magnitude). The methodology and assumptions used for estimating future cash flows are reviewed regularly by the Organization to reduce any differences between loss estimates and actual loss experience.â€ƒ The Organization uses the allowance method in accounting for impairment of loans and receivables.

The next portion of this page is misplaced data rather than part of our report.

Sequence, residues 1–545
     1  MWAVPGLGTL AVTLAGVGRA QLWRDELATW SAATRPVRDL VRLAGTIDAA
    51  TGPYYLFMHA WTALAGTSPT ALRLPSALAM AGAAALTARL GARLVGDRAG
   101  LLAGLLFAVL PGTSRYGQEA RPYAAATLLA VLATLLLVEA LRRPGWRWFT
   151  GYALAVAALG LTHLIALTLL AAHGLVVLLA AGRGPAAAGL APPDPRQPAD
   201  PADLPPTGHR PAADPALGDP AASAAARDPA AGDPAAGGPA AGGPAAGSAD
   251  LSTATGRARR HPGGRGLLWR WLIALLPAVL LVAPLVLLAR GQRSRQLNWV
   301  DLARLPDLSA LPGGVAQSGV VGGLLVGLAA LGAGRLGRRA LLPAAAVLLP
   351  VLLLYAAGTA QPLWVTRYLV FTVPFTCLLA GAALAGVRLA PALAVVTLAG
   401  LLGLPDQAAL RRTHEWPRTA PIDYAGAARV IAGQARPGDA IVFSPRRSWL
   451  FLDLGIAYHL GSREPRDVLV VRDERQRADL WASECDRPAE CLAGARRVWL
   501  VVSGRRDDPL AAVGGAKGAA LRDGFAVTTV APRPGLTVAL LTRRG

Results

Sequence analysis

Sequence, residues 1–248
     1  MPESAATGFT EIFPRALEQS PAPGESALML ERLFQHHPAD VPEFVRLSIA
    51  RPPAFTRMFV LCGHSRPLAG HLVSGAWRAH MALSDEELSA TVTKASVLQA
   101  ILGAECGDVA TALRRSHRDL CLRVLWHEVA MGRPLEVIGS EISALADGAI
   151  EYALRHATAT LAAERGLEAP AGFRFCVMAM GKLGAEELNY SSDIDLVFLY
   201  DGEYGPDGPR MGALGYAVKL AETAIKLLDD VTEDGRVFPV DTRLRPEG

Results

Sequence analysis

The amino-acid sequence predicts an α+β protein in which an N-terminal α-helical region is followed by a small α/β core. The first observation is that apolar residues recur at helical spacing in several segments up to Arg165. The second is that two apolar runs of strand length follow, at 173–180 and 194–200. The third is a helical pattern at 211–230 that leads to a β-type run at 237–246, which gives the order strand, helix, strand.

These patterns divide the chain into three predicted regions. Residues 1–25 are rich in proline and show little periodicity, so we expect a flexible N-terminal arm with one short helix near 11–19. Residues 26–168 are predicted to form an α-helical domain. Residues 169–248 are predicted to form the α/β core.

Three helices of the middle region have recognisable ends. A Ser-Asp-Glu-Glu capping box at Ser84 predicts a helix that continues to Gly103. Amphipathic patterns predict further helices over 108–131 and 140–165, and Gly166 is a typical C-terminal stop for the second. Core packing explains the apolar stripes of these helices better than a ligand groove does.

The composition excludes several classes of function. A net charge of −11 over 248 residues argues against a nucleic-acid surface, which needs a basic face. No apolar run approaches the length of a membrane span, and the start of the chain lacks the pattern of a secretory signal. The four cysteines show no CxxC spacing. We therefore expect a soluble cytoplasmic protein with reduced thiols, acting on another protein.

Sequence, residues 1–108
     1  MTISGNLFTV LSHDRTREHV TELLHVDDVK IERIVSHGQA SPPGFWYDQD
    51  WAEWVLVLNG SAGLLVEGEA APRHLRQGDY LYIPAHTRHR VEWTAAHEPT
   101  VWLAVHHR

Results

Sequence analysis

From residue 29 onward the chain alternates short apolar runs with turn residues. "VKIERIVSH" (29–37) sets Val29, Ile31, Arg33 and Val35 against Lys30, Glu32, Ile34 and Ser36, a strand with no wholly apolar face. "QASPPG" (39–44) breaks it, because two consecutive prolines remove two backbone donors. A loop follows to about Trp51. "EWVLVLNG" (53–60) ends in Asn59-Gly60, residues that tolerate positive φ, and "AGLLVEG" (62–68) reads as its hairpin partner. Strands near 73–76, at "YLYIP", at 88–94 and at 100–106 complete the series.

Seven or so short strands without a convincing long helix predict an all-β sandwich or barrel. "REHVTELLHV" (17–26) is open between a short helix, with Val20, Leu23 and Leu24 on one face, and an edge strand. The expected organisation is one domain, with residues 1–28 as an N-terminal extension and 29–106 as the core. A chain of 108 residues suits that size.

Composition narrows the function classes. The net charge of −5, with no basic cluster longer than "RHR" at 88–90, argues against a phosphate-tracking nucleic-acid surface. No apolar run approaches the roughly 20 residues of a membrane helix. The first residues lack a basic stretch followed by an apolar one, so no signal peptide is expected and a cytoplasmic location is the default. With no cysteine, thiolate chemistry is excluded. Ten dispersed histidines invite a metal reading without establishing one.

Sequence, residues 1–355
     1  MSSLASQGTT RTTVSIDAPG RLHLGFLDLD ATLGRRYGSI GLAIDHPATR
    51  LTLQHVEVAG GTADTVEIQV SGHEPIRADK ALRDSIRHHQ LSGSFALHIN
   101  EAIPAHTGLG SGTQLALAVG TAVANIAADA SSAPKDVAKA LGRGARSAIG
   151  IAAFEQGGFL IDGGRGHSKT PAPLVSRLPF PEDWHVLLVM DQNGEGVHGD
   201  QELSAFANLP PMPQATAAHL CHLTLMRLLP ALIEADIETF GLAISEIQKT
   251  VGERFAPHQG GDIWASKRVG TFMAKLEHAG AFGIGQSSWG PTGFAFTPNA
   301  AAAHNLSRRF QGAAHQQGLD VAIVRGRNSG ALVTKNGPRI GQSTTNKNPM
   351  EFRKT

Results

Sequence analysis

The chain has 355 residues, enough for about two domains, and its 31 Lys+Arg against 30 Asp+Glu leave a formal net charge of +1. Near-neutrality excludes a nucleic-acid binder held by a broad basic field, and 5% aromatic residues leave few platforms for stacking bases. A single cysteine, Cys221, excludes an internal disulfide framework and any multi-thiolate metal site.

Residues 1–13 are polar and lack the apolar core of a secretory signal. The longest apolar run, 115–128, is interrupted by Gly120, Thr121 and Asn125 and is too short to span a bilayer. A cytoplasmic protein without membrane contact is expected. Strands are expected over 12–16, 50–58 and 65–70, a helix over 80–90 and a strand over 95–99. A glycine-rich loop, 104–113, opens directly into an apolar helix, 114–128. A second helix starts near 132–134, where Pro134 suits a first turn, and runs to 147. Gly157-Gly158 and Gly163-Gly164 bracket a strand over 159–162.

AFS investments For AFS investments, the Organization assesses at each reporting date whether there is objective evidence that a financial asset or group of financial assets is impaired. In case of AFS equity investments this would include a significant or prolonged decline in the fair value of the investments below its cost. Where there is evidence of impairment, the cumulative loss - measured as the difference between the acquisition cost and the current fair value, less any impairment loss on that financial asset previously recognized in the statement of comprehensive income - is removed from the fund balance and recognized in the statement of comprehensive income. Impairment losses on AFS investments are not reversed through the statement of comprehensive income. Increases in fair value after impairment are recognized directly in the fund balance. Offsetting Financial Instruments Financial assets and financial liabilities are offset and the net amount reported in the statement of assets, liabilities and fund balance if, and only if, there is a currently enforceable legal right to offset the recognized amounts and there is an intention to settle on a net basis, or to realize the asset and settle the liability simultaneously. Prepaid Expenses These are advance payments to various expenditures related to the business activities of the Organization. These are amortized during the period of utilization. Property and Equipment Land is stated at cost less any impairment loss and depreciable properties including buildings and improvements, leasehold improvements, furniture and equipment and transportation equipment are stated at cost less accumulated depreciation and amortization, and any impairment loss. Such cost includes the cost of replacing part of the property and equipment when that cost is incurred, if the recognition criteria are met but excludes repairs and maintenance costs. The initial cost of property and equipment comprises its purchase price, including taxes and directly attributable costs of bringing the assets to its working condition and location for its intended use. Expenditures incurred after the fixed asset have been put into operation, such as repairs and maintenance, are normally charged against current operations in the period in which costs are incurred. In situations where it can be clearly demonstrated that the expenditures have resulted in an increase in the future economic benefits expected to be obtained from the use of an item of property and equipment beyond its originally assessed standard of performance, the expenditures are capitalized as additional costs of property and equipment. Financial Statement